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Abstract #0676

Hyperpolarized [1-13C]pyruvate detects brain glucose metabolism and sex-specific vulnerability in glucose transporter deficient mice

Caroline Guglielmetti1,2, Huihui Li3, Lydia M. Le Page1,2, Lauren Y. Shields3, Jeffrey C. Rathmell4, Ken Nakamura3, and Myriam M. Chaumeil1,2
1Department of Physical Therapy and Rehabilitation Science, University of California San Francisco, San Francisco, CA, United States, 2Department of Radiology and Biomedical Sciences, University of California San Francisco, San Francisco, CA, United States, 3Gladstone Institute of Neurological Disease, San Francisco, CA, United States, 4Vanderbilt Center for Immunobiology, Department of Pathology, Microbiology, and Immunology, Vanderbilt University Medical Center, Nashville, TN, United States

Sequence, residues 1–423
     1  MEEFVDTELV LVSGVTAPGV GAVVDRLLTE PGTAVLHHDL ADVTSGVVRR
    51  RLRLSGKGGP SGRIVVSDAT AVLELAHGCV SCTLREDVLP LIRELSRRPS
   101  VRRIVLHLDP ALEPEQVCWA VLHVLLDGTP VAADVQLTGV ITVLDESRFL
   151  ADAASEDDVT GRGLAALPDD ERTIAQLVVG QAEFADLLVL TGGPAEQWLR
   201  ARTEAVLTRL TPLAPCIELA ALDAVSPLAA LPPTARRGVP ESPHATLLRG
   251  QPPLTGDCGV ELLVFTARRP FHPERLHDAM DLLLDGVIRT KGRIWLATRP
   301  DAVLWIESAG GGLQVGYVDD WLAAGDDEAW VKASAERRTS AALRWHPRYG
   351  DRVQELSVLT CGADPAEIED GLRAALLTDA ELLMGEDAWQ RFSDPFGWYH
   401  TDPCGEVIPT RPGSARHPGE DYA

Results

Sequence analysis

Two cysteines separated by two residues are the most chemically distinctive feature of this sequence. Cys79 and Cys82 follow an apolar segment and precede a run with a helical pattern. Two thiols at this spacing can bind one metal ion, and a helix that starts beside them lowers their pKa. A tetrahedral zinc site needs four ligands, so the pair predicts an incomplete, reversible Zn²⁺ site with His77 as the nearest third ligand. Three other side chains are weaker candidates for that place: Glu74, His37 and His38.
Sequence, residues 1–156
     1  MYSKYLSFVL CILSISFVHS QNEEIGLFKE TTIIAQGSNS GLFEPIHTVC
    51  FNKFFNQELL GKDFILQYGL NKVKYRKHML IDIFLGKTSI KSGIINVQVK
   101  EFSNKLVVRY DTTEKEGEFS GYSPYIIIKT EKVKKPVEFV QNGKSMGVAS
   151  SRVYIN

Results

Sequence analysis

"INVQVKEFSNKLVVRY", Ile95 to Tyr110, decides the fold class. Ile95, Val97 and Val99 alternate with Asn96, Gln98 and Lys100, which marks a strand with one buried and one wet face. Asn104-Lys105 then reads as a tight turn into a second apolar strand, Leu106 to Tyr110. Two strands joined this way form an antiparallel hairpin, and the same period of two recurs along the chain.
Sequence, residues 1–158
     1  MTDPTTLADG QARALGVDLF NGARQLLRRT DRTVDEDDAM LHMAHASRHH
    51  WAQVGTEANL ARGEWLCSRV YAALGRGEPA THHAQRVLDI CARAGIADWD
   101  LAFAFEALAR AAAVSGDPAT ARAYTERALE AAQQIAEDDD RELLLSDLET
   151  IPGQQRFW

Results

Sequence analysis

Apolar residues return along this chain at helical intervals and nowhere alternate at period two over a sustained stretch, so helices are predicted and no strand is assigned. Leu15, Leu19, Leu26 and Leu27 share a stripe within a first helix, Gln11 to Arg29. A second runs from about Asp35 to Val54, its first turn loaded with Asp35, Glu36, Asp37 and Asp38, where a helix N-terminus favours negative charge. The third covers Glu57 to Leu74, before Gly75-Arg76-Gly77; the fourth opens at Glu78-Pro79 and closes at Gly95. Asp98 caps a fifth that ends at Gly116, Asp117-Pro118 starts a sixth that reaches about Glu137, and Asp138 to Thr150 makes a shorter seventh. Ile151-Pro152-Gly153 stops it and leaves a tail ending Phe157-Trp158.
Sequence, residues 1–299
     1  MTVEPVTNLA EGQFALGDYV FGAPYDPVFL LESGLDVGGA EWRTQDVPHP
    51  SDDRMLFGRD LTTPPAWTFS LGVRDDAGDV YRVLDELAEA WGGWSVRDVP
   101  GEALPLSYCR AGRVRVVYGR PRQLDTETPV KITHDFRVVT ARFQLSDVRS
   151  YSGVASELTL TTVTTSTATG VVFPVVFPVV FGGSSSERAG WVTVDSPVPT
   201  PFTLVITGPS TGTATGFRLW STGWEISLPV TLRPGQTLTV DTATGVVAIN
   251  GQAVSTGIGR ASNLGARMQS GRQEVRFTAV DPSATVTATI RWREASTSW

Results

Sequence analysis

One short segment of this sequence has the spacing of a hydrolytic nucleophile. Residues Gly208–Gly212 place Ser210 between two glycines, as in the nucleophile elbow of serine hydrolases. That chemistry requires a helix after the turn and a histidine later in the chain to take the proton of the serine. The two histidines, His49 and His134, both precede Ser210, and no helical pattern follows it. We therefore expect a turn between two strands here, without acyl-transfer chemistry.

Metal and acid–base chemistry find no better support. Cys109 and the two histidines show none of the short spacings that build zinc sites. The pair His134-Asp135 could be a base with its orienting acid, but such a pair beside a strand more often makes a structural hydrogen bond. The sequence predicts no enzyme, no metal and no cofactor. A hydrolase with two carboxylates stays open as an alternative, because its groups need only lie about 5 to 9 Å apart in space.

We used hyperpolarized 13C magnetic resonance spectroscopic imaging (HP 13C MRSI), fluorine-18 fluorodeoxyglucose (18F-FDG) positron emission tomography (PET) imaging and T2-weighted MRI to detect brain glucose metabolism in mice harboring deletion of the glucose transporter 3 (GLUT3) in CA1 hippocampal neurons. GLUT3 deletion induced memory impairment in males and females, highlighting the importance of glucose uptake by neurons. HP [1-13C]lactate-to-pyruvate ratios and brain volumes were decreased in female GLUT3 deficient mice, but not in males, indicating sex-specific vulnerability. No changes were detected using 18F-FDG PET imaging, highlighting the potential of HP [1-13C]pyruvate to detect downstream alterations in brain glucose metabolism.

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